Jackson v. Irving Trust Co., 311 U.S. 494 (1941)
U.S. Supreme CourtJackson v. Irving Trust Co., 311 U.S. 494 (1941)
Jackson v. Irving Trust Co.
Argued December 19, 1940
Decided January 6, 1941
311 U.S. 494
1. An award of a District Court under the Trading with the Enemy Act cannot be attacked for alleged fraudulent collusion by a motion on affidavits made to that court after payment has been made and the time for appeal has expired. Semble that the remedy would be by bill of review. P. 311 U. S. 499.
2. Years after the rendition and payment of an award under § 9(a) of the Trading with the Enemy Act, from which no appeal was taken, the Attorney General, on behalf of the United States and as successor to the Alien Property Custodian, by a motion to the District Court supported by affidavits, sought to have the judgment set aside for want of jurisdiction on the ground that the beneficial owner of the claim was an "enemy" as defined by that Act, and that therefore the suit was not authorized by the Act, but was a suit against the United States without its consent.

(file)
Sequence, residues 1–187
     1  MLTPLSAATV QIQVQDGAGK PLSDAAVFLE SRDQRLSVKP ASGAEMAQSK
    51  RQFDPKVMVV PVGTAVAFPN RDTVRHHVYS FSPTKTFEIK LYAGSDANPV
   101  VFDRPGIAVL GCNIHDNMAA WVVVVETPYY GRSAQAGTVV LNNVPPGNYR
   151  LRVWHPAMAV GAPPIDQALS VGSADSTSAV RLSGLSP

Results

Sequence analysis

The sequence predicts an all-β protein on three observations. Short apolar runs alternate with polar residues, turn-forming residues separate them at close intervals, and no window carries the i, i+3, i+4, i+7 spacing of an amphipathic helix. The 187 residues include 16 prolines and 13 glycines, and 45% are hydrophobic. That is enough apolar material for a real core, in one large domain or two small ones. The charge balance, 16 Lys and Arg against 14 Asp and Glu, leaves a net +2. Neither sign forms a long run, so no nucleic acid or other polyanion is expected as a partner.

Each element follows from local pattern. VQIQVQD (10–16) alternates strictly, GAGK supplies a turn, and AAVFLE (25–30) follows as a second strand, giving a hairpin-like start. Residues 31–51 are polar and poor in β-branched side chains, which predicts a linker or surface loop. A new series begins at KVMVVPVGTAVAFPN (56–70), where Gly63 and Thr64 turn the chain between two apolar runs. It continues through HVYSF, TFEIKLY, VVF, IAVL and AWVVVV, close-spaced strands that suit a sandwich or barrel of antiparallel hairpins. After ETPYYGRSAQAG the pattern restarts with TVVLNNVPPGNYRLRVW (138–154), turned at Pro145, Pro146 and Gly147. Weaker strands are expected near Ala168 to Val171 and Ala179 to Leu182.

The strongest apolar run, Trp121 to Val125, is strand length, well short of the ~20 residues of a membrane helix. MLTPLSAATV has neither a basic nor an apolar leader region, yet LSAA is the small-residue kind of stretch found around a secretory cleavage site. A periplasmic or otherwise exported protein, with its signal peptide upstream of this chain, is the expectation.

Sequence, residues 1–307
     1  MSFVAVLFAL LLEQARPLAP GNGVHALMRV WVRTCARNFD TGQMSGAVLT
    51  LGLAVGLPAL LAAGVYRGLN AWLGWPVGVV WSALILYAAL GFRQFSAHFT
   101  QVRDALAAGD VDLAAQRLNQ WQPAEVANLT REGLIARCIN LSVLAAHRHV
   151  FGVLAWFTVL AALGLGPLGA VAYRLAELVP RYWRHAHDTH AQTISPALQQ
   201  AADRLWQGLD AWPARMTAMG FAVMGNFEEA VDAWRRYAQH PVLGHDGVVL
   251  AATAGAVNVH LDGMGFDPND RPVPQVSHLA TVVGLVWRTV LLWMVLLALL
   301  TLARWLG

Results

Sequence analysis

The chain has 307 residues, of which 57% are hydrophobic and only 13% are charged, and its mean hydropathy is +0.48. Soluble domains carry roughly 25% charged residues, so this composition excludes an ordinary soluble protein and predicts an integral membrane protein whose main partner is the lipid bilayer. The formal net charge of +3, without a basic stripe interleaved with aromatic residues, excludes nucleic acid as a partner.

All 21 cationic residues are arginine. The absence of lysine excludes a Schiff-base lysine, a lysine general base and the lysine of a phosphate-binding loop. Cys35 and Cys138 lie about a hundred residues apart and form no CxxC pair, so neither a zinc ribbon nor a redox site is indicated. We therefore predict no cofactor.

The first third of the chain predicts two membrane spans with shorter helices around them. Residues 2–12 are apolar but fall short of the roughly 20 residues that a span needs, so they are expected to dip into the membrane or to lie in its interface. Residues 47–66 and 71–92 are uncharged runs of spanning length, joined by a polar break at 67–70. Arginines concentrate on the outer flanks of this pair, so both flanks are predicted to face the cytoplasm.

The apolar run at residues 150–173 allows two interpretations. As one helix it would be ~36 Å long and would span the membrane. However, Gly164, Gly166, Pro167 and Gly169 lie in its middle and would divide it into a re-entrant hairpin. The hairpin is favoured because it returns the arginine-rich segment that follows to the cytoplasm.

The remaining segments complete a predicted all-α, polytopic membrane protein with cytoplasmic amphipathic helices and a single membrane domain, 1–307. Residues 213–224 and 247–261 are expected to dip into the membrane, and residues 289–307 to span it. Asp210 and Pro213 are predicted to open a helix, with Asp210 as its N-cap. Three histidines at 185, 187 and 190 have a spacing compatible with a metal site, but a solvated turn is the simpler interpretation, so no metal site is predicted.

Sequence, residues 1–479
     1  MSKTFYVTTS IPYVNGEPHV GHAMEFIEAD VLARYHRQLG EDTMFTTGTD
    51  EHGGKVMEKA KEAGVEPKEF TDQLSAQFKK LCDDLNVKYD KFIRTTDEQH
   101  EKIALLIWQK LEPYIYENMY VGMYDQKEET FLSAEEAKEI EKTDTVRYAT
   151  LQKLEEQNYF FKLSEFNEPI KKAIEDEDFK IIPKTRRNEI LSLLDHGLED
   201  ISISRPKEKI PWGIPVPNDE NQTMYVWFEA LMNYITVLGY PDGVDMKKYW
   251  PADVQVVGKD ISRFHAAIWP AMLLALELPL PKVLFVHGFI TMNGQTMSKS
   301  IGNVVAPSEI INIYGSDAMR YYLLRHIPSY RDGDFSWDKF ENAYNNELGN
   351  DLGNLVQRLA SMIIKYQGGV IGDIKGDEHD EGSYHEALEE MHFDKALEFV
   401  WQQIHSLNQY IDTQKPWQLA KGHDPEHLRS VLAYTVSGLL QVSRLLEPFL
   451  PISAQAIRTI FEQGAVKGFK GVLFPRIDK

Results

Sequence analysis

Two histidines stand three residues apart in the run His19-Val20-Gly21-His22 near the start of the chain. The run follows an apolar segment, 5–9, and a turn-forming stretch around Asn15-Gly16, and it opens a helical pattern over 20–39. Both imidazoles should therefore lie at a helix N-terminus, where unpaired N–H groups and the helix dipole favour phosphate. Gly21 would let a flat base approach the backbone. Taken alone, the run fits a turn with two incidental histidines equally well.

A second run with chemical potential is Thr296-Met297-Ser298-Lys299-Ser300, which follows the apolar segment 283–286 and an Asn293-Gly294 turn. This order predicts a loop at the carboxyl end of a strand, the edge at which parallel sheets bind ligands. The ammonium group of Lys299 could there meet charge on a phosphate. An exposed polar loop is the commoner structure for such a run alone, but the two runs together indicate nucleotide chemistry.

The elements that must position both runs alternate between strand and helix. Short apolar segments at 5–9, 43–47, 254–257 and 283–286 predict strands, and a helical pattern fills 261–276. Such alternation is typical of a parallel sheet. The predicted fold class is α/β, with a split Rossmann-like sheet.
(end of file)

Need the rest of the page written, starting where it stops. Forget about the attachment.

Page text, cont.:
(1) That the complaint in the suit stated a case within the terms of the Act, and the District Court had jurisdiction to determine every issue necessary to the establishment of the claim. P. 311 U. S. 500.
(2) That the status, enemy or nonenemy, of the alleged beneficial owner, upon which was based the "jurisdictional" question of the motion, having been an issue raised by the pleadings and proceedings in the case, was determinable by the District Court, however labeled. P. 311 U. S. 502.
(3) Whether the particular issue was actually litigated is immaterial in view of the necessary conclusion that there was full opportunity to litigate it and that it was adjudicated by the decree. P. 311 U. S. 503.
(4) If the District Court had erred in dealing or in failing to deal with any issue involved, the remedy was by appeal. P. 311 U. S. 503.
109 F.2d 714 affirmed.
Certiorari, 310 U.S. 621, to review the reversal of a decree of the District Court, 27 F. Supp. 44, setting aside, on motion, for want of jurisdiction, a former decree which had been rendered under § 9(a) of the Trading with the Enemy Act.